1. I wouldn’t disagree that it was more entrenched in the south. (Not just the Deep South, either — look at the rejection of compensated emancipation in Delaware in 1862, even though there was very little slavery in the state.)

    2. Your citation of the three-fifths clause as proof of the constitution’s pro-slavery character disqualifies you for being taken seriously on the subject. The pro-slavery forces wanted slaves to be counted as five-fifths of a person. Counting them as three-fifths of a person was an anti-slavery move, meant to reduce the power of slaveholders in Congress. If you don’t understand that, you are too ignorant to have any business talking about the constituion. If you *do* understand it, then you are too dishonest to have any business talking about the constitution.

      1. I’m guessing you often miss the big picture, right? So let me walk you through things very slowly and we’ll see if you’re “too dishonest” to admit your mistake.

        1. The original post above claimed the United States Constitution was unsullied by slavery. Quote : “Wilentz meticulously shows that antislavery forces at the Constitutional Convention successfully resisted slaveholders’ persistent efforts to include language that would expressly legitimate the concept of property in man.” See? The key phrase here is “expressly legitimate”.

        2. A constitutional provision which holds some people as three-fifths of a human being does expressly legitimize the institution of slavery.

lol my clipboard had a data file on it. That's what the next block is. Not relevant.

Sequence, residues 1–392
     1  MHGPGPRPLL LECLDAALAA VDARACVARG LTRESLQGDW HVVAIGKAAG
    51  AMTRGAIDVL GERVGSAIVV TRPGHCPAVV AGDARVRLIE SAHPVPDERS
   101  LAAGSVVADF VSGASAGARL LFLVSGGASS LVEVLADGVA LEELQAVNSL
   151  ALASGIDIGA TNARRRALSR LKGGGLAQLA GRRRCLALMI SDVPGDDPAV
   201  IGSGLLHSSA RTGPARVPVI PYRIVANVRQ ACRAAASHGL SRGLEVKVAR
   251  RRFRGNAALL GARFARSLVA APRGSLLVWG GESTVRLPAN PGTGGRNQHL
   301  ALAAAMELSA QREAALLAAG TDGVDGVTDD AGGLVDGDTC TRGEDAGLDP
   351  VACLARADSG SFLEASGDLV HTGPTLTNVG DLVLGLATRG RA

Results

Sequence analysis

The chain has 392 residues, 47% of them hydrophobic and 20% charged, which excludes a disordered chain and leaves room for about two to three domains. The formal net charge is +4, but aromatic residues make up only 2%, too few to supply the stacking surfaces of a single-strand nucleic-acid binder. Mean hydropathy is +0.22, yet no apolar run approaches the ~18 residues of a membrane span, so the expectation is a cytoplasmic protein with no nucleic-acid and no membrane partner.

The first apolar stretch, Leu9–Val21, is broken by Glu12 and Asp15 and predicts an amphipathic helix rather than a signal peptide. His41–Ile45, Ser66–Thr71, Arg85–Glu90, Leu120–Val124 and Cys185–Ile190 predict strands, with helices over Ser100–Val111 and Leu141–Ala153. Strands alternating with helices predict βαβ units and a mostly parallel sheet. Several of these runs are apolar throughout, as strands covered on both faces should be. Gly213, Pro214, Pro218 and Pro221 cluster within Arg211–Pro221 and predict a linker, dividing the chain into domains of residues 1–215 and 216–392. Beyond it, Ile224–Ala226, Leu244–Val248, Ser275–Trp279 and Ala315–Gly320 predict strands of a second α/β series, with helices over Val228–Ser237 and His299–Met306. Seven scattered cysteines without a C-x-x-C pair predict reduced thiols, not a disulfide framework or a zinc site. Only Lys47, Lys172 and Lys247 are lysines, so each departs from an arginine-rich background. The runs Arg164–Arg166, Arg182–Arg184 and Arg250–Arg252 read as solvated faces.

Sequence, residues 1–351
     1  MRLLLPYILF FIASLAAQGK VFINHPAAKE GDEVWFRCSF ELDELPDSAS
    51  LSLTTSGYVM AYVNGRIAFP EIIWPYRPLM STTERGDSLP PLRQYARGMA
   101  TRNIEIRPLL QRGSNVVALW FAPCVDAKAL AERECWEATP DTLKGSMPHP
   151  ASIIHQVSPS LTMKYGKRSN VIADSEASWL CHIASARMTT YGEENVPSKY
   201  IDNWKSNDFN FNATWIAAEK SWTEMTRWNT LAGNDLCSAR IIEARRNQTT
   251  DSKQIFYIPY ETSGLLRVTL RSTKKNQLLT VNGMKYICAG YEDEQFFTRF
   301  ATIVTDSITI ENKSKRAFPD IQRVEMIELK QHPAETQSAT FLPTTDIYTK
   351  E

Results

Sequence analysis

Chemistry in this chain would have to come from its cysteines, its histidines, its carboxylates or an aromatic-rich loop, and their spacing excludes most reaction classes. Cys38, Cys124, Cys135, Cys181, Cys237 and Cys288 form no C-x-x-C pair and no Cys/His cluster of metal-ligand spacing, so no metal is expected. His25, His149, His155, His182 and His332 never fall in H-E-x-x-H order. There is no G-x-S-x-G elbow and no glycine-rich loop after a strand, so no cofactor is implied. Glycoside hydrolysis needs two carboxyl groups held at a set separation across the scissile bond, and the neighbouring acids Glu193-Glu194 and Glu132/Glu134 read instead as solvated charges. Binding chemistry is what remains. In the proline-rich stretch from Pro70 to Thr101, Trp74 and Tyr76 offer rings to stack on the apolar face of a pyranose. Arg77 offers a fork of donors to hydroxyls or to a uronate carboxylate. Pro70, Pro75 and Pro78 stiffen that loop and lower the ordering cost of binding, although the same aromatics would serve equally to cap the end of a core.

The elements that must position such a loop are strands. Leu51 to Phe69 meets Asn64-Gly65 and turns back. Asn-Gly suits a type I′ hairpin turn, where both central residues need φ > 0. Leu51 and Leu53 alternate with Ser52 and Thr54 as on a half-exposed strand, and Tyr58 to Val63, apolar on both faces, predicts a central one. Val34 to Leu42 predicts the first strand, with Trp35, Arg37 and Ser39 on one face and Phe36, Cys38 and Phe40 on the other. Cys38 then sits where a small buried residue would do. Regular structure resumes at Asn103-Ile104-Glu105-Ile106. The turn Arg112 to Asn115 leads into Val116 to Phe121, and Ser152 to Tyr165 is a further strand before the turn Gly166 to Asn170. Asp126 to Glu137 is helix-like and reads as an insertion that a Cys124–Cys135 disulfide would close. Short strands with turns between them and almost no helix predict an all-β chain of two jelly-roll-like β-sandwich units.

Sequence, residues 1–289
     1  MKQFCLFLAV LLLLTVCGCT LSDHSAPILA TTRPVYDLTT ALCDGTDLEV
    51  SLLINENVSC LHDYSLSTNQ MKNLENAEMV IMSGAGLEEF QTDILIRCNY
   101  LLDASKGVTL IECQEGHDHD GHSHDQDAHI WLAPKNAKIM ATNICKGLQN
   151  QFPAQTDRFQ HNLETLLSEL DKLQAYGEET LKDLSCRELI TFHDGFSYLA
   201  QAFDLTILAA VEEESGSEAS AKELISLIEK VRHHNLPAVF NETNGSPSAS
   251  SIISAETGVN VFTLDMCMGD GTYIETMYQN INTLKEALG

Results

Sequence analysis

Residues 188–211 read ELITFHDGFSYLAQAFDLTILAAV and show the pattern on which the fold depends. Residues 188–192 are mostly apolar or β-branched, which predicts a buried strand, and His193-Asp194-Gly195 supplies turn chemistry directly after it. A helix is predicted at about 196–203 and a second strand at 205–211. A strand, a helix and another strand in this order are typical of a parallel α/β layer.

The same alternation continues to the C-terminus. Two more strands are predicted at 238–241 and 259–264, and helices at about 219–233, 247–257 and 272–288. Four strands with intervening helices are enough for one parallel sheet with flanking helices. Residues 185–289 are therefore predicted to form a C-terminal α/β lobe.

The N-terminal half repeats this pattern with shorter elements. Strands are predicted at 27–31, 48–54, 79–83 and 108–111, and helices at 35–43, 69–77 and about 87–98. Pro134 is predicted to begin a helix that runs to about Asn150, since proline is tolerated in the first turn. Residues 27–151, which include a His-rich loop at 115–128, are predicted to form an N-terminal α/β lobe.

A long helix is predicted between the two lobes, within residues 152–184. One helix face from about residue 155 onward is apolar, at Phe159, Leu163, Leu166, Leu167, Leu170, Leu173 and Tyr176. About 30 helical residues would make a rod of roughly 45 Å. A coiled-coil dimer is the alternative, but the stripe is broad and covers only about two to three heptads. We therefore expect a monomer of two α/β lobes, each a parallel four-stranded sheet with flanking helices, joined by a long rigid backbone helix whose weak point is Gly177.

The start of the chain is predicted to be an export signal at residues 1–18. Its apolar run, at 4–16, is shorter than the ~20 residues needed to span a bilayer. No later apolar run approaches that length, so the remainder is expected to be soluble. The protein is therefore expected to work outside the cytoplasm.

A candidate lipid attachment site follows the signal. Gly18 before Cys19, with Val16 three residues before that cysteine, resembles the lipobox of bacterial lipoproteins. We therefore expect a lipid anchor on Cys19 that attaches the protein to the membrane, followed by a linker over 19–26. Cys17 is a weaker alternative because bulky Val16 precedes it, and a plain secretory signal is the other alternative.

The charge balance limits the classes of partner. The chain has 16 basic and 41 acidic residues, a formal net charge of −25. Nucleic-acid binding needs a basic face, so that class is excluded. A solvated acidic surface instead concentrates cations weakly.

Maybe you’re so wrapped in whatever corner of the political spectrum you occupy that you can’t see how grotesque that provision is. Maybe you’re just dumb. But now I’ve shown you, perhaps you can see how it undercuts the entire argument that the Constitution was kept free and protected from the stain of slavery.

        1. My bad. I see the light and now recognize that the constitution was “stained” by a provision meant to decrease the power of slaveholders. It would have been much purer and unstained if the 3/5 clause had been omitted, and if slaveholders could therefore have chosen an even greater number of members the House of Representatives and Electoral College.

          1. The three-fifths compromise only “decreases” the power of slaveholders if you think the baseline is that the white congressmen represented the interests of the Black slaves.

            But that obviously isn’t true. Those white southern congressmen all owned and raped slaves. They didn’t give a crap about the slaves’ welfare except as an investment.

            So the actual baseline was that if slavery had to be legal (as the Constitution intended), the population counts should be based on free people only, because those were the only people those white congressmen were actually representing. The three-fifths compromise thus increased dramatically the Slave Power and was very much an attempt to ensure that slavery remain in place for the long term.

            1. “Those white southern congressmen all owned and raped slaves. They didn’t give a crap about the slaves’ welfare except as an investment.

              As opposed to Northern Industry where the factory owner didn’t even have an investment in his employees and hence cared even less about their welfare. Fun fact: 50% of telephone linemen died on the job, and before automatic couplers, it was about the same for railroad workers.